These are beginner wood working plans, but are for an advanced project because of the tricky angles that need to be cut. The best angle of a sawhorse's legs are 10°. That's 10° in two different directions remember. The 2x6 needs to have each side ripped at a 10° angle so the legs splay out.
The sawhorse legs also need to be cut at a 10° angle so their bottom ends line up with the ends of the 2x6.
Once you set your saw, make all the cuts with the same setting and it should all work out fine. Just be careful to keep the cuts parallel on the legs and non-parallel when ripping the 2x6.
At about 24 inches high, I find these sawhorses ideal for putting material on, cutting with a powersaw, etc. Also, the wide 2x6 top is perfect for standing on to reach an 8 to 10 foot high ceiling.
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Set the blade on the tablesaw at 10°. Rip the edge off each side of the 2x6, keeping it as wide as possible. When cutting the sawhorse legs, make 2 rights and 2 lefts. The saw blade is set to 10° and the miter fence is set to 10°. Cut 2 legs the same then turn the board over and cut 2 more legs. This way if you are using smooth one side, all 4 legs will show the same surface outwards.
Layout the 2x6 with square marks 4 1/4" from each end. Drill the top of the sawhorse legs for the screws, 3 screws on each leg is good. Match the outside of the legs to these marks. Make sure that the legs are all uniform, that the tops are sloped the correct way to be flush on the top of the 2x6, that the legs are both splayed backwards, away from the ends of the 2x6 and that the bottom of the legs fit flat on the floor.
Now cut 2 pieces of plywood as end gussets. Start with a piece about 8"x10". Lay it up against the sawhorse legs and under the 2x6, scribe the outside of the legs on the plywood. Go to the table saw, the blade is set back to 0°, the miter fence is still set to 10°. Start at the top marks (under the 2x6) and cut both ways at 10° giving the shape of plywood shown in the drawing. Pre-drill and screw 4 screws on each end into the legs, be carefull to line up the screws with the sawhorse legs.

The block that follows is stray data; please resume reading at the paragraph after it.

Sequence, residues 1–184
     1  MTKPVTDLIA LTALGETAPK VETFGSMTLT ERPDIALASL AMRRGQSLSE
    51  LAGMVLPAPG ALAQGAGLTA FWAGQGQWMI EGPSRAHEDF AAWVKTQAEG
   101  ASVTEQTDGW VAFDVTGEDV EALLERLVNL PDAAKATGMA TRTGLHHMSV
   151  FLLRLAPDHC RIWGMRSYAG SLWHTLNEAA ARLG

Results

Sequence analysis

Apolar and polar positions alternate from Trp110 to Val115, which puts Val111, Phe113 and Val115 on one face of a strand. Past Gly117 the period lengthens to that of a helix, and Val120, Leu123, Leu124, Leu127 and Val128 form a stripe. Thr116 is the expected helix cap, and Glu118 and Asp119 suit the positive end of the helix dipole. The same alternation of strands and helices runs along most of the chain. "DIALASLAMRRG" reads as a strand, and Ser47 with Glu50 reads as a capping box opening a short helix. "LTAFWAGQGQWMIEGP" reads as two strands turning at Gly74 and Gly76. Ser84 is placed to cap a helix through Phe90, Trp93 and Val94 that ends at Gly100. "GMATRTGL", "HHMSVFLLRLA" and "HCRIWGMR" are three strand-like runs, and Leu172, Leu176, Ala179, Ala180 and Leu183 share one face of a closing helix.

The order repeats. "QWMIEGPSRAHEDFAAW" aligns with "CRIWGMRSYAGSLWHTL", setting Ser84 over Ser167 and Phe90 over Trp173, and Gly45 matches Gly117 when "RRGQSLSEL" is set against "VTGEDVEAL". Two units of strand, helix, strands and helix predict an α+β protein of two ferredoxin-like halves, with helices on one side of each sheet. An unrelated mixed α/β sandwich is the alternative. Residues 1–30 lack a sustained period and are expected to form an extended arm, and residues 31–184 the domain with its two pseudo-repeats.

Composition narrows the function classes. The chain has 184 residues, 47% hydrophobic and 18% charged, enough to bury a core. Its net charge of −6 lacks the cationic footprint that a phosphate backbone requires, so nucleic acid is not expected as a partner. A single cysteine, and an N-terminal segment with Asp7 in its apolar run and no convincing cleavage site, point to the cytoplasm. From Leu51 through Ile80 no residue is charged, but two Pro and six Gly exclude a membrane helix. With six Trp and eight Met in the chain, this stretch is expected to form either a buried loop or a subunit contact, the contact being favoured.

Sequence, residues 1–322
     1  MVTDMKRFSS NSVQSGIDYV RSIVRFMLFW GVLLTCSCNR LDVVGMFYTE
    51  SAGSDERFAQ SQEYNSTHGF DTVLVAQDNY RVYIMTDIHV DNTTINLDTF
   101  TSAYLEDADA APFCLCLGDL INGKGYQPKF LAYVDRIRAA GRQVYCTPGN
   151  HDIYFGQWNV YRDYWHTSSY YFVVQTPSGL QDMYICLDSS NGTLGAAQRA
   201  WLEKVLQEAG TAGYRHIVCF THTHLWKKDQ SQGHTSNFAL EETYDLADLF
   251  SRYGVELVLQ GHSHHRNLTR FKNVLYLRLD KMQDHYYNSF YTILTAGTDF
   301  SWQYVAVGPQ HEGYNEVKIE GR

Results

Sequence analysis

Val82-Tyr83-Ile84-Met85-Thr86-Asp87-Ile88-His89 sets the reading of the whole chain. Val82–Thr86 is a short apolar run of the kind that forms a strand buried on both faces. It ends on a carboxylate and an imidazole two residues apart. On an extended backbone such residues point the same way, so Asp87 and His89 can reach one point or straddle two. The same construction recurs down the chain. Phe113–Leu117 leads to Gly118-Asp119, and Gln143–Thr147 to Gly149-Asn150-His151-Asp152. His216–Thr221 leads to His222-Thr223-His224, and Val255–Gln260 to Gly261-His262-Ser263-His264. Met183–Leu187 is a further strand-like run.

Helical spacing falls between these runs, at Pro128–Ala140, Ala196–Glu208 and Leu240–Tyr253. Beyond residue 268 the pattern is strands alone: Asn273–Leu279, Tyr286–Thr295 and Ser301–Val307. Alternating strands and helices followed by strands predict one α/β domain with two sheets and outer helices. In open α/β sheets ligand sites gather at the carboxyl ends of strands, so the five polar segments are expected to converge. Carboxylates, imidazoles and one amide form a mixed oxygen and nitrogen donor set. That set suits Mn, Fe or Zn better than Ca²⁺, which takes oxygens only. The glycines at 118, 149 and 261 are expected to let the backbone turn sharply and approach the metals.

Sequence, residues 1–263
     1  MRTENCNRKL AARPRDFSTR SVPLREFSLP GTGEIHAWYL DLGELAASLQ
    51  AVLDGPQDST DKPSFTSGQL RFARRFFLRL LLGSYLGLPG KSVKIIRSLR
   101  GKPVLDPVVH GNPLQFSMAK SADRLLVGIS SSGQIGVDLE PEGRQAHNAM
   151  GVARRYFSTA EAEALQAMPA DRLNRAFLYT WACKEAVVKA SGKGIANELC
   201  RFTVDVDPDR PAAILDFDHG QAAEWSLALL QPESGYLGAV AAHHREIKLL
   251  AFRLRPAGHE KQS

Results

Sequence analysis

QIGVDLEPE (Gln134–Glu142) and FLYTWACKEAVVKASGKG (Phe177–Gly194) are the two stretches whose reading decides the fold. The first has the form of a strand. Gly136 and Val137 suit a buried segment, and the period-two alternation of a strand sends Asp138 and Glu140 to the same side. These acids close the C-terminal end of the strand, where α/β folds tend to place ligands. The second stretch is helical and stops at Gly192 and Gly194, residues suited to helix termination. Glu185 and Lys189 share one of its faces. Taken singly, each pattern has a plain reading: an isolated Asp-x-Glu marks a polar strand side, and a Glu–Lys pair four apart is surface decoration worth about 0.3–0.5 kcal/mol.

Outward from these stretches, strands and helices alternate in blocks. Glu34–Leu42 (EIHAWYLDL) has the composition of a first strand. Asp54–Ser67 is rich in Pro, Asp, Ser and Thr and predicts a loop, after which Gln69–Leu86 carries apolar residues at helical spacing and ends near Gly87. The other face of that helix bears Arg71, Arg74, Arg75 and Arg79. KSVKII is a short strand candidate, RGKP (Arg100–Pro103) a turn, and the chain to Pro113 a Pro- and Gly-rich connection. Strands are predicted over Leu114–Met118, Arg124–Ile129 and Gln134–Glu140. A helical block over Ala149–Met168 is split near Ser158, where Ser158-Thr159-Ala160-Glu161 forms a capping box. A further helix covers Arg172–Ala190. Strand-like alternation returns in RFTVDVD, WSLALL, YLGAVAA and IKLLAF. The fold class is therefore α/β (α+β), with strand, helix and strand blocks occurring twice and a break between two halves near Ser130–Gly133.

Enjoy your sawhorse.
Dave(Ask Dave) (About Dave)
Hi, I'm Dave Osborne. With over 50 years experience as a journeyman carpenter, foreman and contractor in heavy construction I enjoyed working with apprentices and sharing the tricks of the trade that others shared with me. Now I get emails from Members all over the world and we include many of my answers in our Free Monthly Newsletters. Some of my answers include drawings and instructions specific to a project, but may also answer your questions. I use correct construction terminology, so you can confidently inform your building supply dealers or contractors exactly what you need.
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